Full of desire I lay, the sky wounding me,
Each cloud a ship without me sailing, each tree
Possessing what my soul lacked, tranquillity.
Waiting for the longed-for voice to speak
Through the mute telephone, my body grew weak
With the well-known and mortal death, heartbreak.
The language I knew best, my human speech
Forsook my fingers, and out of reach
Were Homer’s ghosts, the savage conches of the beach.
Then the sky spoke to me in language clear,
Familiar as the heart, than love more near.
The sky said to my soul, `You have what you desire.
`Know now that you are born along with these
Clouds, winds, and stars, and ever-moving seas
And forest dwellers. This your nature is.
Lift up your heart again without fear,
Sleep in the tomb, or breathe the living air,
This world you with the flower and with the tiger share.’
Then I saw every visible substance turn
Into immortal, every cell new born
Burned with the holy fire of passion.
This world I saw as on her judgment day
When the war ends, and the sky rolls away,
And all is light, love and eternity.
Kathleen Raine was born on the 14th of June, 1908 and passed away on the 6th of July, 2003. A British poet, she was known for her interest in various forms of spirituality.
“Passion” is a part of an anthology, “Songs of Ourselves Volume 2, Part 1” which focuses on the themes of love and family. This poem by Kathleen Raine has 8 stanzas in total with 3 verses in each one. She has used metaphors, personification, and many other language features in order to put her message across — that love, even if it gets you down, should not keep you feeling down forever.
The first stanza depicts an image of someone letting their mind and heart revel in solitude whilst yearning for tranquility. The sadness in this stanza is reflected on how the personified sky was “wounding” the person through drizzling rain, and massive clouds moving slowly in the sky (“Each cloud a ship without me sailing”).
In the second stanza, the person insinuates that they only want to hear one thing – their beloved’s voice. It is suggested that they had been planning on making a phone call, perhaps to gain closure from their previous significant other – up to no avail, as they are unable to speak due to immense pain from the heartbreak. The reader is able to empathize due to possibly recounting painful experiences with heartbreak, as it is something which everyone can relate to – as written by the poet: “With the well-known and mortal death, heartbreak.”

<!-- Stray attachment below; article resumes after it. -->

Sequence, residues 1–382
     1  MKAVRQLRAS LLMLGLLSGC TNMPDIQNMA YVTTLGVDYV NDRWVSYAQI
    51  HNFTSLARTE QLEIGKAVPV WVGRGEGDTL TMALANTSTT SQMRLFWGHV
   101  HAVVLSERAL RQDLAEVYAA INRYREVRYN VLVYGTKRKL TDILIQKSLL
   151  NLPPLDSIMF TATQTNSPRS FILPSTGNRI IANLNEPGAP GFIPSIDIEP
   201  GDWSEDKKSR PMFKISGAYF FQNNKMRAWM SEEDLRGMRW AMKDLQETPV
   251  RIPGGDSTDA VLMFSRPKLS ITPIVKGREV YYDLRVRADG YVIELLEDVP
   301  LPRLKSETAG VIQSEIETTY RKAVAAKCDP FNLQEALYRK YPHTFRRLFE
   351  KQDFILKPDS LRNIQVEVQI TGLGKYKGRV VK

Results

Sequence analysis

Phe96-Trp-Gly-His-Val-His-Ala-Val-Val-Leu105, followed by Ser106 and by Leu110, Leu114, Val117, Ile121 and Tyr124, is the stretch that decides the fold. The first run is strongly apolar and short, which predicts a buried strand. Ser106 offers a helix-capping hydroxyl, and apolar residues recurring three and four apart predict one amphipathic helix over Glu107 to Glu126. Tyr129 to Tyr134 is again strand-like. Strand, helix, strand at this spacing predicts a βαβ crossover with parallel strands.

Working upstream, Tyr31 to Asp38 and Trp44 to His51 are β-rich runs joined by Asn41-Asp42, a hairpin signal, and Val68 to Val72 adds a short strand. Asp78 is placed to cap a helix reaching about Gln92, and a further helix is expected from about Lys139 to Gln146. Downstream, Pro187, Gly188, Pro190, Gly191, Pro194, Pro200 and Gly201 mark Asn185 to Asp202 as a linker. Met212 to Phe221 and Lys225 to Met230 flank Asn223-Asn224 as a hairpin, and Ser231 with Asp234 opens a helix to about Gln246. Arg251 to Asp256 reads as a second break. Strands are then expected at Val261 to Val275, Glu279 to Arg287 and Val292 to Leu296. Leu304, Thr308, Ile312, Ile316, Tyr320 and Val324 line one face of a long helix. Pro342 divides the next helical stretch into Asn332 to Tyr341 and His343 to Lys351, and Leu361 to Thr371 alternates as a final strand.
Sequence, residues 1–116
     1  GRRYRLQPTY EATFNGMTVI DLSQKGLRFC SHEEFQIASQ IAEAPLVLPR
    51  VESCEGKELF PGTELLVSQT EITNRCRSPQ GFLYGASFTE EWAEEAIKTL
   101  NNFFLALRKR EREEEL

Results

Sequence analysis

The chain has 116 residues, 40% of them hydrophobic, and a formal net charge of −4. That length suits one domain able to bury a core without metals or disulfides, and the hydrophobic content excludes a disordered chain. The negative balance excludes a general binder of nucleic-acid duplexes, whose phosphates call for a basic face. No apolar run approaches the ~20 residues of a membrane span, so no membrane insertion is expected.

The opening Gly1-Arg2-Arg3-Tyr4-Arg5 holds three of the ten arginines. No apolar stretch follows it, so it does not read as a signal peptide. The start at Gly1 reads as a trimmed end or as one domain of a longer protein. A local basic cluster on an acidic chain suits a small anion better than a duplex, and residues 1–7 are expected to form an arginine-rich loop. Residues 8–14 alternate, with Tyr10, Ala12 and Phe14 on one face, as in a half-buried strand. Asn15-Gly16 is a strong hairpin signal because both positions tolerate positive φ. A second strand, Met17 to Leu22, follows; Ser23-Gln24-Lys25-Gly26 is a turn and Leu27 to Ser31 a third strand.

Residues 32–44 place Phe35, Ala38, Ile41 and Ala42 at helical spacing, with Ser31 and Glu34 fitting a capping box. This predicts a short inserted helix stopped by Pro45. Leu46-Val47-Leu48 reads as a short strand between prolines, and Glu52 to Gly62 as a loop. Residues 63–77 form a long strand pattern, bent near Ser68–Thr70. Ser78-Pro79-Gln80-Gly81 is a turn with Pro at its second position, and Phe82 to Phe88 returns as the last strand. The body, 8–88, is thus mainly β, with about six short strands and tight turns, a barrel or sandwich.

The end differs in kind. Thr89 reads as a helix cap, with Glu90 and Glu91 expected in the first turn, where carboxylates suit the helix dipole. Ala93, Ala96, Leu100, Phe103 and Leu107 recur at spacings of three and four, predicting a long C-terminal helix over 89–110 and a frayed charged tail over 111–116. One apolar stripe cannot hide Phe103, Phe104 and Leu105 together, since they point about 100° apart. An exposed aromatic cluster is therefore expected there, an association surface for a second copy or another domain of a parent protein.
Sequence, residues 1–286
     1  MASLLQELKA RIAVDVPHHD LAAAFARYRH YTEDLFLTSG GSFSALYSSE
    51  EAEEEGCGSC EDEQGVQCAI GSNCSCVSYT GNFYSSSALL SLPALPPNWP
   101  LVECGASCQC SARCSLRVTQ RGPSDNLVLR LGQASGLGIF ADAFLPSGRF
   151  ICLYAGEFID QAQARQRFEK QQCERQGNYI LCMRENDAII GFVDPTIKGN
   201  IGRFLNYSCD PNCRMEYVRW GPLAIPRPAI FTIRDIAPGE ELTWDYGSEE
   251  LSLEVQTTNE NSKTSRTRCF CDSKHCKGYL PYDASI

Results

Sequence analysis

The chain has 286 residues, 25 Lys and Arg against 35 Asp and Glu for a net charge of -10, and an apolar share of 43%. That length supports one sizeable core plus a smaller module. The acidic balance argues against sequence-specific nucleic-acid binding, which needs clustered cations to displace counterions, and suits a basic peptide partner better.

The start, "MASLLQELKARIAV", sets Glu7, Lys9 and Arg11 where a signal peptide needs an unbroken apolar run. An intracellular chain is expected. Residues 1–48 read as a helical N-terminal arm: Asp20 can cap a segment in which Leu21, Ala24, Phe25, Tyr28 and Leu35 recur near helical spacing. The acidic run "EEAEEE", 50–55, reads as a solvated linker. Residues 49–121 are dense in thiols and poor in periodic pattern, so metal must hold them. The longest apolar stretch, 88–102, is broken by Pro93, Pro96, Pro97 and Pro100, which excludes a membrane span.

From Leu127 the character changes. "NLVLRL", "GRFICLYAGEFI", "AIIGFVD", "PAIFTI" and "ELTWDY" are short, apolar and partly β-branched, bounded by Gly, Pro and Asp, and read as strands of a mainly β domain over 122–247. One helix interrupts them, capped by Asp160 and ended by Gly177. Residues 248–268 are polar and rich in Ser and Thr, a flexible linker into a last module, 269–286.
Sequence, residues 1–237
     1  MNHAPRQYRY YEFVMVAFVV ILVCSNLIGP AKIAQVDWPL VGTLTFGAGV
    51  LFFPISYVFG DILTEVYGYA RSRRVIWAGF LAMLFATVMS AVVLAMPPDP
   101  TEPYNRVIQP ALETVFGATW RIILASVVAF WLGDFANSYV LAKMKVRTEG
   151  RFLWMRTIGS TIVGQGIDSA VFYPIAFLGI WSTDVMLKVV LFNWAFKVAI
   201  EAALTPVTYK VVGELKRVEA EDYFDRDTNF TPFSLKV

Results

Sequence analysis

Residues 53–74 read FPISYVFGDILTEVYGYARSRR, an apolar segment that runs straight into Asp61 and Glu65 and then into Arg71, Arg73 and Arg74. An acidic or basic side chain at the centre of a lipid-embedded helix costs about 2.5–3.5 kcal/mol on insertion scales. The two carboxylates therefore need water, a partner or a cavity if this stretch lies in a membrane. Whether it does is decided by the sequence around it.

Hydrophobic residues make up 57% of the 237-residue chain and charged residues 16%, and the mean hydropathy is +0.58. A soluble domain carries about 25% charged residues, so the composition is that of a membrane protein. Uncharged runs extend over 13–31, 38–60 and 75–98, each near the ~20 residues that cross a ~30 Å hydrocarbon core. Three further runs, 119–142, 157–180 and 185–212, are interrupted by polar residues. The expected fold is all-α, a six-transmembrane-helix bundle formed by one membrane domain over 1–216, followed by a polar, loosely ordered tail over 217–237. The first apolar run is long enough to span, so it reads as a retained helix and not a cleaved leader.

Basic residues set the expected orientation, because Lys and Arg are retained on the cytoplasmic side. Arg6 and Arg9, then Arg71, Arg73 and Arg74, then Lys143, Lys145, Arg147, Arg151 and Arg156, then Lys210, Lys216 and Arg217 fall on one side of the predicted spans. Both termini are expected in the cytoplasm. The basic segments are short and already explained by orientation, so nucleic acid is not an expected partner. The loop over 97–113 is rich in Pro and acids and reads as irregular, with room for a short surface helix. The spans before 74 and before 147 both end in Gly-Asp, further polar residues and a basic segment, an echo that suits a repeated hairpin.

Due to the excruciating agony which heartbreak has caused, the person’s ability to speak their mind has depleted, as explained in the third stanza. The third verse indicates that perhaps, the person tried to persuade their significant other to stay or change their mind – but all in vain. The poet used metaphors in order to describe her speech as two things: “Homer’s ghosts” as well as “savage conches of the beach”. Homer is known as one of the greatest Greek poets, whose works are mostly speeches. He has also provided many models in persuasive speaking and writing. Referring to her speech as “Homer’s ghosts” prove that she attempted to persuade her significant other. Meanwhile, the word “savage” merely reiterates the brutality of the feeling of abandonment, as juxtaposed by the author with “conches” – which are attractive abodes abandoned by snails. The setting of the conches being put on the beach could convey the impression that the person felt like their relationship was at a lovely and peaceful place which most people would enjoy, therefore implying that the person suffering the heartbreak was confused as to why it ended.
The person gains a rather happy revelation from the personified sky in the fourth, fifth and sixth stanza; that they had everything they’ve ever wanted, and must not dwell on the small cracks of the road. One can choose to live optimistically or pessimistically (“Sleep in the tomb, or breathe the living air”) even if the personified sky suggests that it would be best to live optimistically by not being afraid of loving once more (“Lift up your heart again without fear”). It is also as if the person is being told that the world comes with both the good and the bad, and it is up to them to find the good in the bad, as well as the bad in the good – the Chinese philosophical concept of yin and yang. (“This world you with the flower and with the tiger share.”)
The words of wisdom take effect on the person, as seen in the seventh stanza – the person is portrayed to change their perspective from negative to positive: “Then I saw every visible substance turn Into immortal, every cell new born”. The positivity is conspicuous as seen in the eighth stanza where the sky clears up (“When the war ends, and the sky rolls away”) and is recapitulated when the poet writes, “All is light, love and eternity”.
Everyone has, or will experience the anguish delivered by heartbreak during their lifetime. “Passion” by Kathleen Raine acknowledges this, but also provides hope for everyone towards the end, encouraging readers to get up and dust themselves off. The reality is that though the misery may send you down into the spiral of depression, the heartache will only make you stronger and will help you improve as a person – if you let it, with optimism.